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Ovenden Sex Case: Tate Removes Artist's Work
5:08am 5th April 2013
(Updated 5:08am 5th April 2013)
The Tate has removed several works by Cornish artist Graham Ovenden from the its online collection following his conviction for child sex offences.
The Tate owns 34 prints.
A spokeswoman for the gallery said: "Graham Ovenden is an artist of note, whose work has been widely shown over more than 40 years.
"However, following his conviction at Truro Crown Court, the Tate is seekng further information and is reviewing the online presentation of those editioned prints by him that are held in the national collection.
"Until this review is complete, the images will not be available online and the works will not be available to view by appointment."
The works were acquired in 1975, many from Mayfair art dealer the Waddington Galleries, which exhibited Ovenden's work in the early 1970s.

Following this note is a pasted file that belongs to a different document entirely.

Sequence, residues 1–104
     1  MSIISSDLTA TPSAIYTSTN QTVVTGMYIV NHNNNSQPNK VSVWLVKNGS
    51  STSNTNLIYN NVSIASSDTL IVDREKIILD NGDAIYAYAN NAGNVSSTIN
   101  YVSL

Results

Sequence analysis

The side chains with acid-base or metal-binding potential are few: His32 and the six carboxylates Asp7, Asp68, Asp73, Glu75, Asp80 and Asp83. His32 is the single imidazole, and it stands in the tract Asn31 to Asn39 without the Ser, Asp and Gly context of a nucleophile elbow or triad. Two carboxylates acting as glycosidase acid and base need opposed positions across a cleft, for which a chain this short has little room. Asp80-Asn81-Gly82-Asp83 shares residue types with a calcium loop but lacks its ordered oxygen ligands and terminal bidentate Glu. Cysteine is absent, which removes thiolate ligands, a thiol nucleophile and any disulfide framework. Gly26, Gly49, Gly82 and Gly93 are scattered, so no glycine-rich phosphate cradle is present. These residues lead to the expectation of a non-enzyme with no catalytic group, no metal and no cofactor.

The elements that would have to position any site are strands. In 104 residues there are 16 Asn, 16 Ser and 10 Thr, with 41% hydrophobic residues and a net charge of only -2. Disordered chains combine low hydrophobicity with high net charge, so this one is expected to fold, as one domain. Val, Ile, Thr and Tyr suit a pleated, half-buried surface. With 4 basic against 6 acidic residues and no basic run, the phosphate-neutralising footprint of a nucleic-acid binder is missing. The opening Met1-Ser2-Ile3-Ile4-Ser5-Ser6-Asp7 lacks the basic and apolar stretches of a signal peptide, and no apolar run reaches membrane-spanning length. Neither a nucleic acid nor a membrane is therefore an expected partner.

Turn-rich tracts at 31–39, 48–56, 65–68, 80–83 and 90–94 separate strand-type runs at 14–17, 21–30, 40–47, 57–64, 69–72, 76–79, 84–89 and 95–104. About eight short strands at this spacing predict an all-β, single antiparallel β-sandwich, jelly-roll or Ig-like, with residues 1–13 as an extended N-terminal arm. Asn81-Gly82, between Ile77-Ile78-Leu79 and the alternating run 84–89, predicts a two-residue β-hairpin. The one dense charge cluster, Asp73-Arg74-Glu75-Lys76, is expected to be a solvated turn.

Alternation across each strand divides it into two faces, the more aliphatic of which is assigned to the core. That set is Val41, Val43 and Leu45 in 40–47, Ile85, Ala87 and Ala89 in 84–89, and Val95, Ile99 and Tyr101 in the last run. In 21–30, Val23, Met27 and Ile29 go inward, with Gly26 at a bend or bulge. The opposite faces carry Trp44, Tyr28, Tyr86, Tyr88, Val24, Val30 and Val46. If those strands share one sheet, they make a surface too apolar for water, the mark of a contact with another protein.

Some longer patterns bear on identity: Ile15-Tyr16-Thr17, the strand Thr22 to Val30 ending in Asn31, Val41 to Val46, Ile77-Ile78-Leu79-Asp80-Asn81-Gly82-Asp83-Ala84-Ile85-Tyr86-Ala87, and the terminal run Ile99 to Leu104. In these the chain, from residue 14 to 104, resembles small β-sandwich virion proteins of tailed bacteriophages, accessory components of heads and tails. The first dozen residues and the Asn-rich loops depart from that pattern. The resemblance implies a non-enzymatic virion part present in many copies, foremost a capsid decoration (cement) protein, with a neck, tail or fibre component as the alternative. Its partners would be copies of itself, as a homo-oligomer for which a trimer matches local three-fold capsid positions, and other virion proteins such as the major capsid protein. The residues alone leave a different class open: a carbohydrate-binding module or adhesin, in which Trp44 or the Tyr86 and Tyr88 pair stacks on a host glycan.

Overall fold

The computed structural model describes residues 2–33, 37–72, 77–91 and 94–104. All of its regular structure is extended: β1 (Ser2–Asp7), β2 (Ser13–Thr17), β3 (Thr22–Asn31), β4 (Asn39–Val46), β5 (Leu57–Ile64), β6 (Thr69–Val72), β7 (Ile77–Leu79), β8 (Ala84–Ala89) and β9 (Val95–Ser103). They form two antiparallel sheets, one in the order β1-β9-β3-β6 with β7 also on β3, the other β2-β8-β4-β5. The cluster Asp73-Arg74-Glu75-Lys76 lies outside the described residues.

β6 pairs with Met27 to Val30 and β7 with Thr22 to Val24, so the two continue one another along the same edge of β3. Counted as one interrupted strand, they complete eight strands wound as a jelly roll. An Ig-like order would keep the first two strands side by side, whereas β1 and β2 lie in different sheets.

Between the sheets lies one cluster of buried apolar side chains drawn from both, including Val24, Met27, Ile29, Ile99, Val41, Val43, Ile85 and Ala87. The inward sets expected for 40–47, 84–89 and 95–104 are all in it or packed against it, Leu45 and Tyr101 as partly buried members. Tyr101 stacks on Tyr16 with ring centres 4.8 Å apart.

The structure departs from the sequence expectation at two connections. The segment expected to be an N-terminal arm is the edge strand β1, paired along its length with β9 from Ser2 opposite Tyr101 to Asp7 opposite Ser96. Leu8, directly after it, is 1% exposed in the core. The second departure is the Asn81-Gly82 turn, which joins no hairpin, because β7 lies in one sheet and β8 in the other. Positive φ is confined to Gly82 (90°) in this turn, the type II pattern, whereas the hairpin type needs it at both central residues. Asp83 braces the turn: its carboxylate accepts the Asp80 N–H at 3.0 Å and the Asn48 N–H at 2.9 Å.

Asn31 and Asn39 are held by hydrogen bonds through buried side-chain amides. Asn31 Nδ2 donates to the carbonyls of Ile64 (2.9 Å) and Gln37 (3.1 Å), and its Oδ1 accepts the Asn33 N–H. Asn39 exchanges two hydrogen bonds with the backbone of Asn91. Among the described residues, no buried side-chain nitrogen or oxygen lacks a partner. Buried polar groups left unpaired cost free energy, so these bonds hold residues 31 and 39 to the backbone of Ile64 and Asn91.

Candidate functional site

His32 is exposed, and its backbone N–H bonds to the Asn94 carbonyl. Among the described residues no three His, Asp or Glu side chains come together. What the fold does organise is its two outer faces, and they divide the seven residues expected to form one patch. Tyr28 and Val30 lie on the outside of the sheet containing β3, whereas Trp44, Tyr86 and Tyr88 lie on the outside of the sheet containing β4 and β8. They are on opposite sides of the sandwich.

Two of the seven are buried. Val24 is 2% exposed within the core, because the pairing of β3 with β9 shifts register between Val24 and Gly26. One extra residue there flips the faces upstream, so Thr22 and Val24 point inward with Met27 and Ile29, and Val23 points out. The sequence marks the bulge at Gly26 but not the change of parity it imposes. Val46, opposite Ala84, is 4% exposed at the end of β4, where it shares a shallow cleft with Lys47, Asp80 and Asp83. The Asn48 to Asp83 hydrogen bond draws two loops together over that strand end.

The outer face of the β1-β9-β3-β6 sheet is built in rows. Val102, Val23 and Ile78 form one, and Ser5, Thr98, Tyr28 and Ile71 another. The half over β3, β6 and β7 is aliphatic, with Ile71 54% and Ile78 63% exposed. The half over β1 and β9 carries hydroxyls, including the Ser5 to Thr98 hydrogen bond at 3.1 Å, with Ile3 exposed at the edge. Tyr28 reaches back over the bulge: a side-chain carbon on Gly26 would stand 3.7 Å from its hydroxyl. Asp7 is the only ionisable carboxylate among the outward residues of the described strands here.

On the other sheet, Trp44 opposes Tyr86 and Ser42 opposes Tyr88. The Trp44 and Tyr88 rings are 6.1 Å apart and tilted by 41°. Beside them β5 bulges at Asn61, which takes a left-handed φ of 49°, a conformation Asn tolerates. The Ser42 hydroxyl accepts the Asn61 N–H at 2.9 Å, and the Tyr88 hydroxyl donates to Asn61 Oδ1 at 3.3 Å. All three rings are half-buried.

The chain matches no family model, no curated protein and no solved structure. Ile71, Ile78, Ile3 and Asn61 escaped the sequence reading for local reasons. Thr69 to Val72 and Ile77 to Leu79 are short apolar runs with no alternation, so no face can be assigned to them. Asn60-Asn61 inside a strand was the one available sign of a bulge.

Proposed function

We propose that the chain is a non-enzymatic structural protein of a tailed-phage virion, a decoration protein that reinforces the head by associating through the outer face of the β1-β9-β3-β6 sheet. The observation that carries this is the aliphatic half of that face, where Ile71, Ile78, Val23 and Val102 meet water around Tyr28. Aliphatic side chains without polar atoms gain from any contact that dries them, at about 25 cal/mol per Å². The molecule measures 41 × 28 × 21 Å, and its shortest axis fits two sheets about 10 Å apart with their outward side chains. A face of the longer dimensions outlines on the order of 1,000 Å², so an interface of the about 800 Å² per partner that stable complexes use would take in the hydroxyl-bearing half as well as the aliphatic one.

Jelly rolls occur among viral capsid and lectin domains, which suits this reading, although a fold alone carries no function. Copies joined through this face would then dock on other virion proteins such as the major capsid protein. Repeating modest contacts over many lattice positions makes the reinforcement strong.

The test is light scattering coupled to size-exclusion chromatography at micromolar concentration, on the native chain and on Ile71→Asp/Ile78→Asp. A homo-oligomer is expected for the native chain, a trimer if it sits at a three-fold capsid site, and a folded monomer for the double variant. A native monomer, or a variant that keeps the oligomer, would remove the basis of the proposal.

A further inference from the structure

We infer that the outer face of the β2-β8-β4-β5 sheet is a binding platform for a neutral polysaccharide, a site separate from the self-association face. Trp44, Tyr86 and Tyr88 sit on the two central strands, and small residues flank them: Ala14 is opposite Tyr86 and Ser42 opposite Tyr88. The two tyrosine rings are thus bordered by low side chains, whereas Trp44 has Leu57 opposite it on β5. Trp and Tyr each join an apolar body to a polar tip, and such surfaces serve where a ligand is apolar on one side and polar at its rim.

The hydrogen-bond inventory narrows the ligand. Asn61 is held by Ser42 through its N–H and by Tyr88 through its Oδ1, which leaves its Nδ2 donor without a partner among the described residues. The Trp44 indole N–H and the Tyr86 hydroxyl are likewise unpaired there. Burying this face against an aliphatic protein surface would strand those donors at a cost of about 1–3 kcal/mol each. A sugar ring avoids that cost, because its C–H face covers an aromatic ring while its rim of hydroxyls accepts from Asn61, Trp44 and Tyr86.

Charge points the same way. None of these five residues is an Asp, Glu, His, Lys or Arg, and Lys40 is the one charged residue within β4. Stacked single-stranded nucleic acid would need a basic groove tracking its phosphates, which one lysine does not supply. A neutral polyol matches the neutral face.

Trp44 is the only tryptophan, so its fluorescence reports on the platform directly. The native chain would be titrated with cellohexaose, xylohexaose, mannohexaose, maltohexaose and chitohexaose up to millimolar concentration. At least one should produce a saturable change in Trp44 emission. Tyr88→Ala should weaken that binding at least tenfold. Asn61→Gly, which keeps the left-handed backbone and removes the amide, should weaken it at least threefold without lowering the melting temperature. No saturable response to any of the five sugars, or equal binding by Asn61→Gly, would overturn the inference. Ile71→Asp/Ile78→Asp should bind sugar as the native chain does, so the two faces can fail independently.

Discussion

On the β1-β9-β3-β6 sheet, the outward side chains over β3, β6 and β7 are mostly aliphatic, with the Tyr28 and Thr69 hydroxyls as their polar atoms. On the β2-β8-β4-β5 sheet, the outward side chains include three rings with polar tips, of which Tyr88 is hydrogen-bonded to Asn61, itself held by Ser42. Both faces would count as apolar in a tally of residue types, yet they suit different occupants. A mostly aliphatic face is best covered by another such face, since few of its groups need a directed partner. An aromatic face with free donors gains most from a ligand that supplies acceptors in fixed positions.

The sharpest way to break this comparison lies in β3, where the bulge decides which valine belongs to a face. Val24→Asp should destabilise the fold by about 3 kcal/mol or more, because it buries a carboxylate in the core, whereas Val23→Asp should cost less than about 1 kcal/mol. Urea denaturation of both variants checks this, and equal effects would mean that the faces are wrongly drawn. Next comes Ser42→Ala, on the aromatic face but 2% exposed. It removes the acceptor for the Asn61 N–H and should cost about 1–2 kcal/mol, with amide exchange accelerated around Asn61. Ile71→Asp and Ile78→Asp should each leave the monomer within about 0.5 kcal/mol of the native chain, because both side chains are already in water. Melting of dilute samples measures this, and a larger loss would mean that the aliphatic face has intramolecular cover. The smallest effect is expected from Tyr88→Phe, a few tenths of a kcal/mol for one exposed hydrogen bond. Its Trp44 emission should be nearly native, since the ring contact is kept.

Many of the 34 works, dating from 1970-1975, depict children.
One of the prints that has been taken off the site is a screenprint that features an image of a young naked child.
Ovenden was found guilty of six charges of indecency with a child and one allegation of indecent assault by a jury on Tuesday.
He was acquitted of two indecent assaults and the jury earlier found Ovenden not guilty of three charges of indecent assault on the direction of the judge, Graham Cottle.
Ovenden had denied all the charges relating to four children between 1972 and 1985.
Sentencing was adjourned until a later date and Ovenden, who lives near Bodmin Moor, was released on bail.
5:08am 5th April 2013
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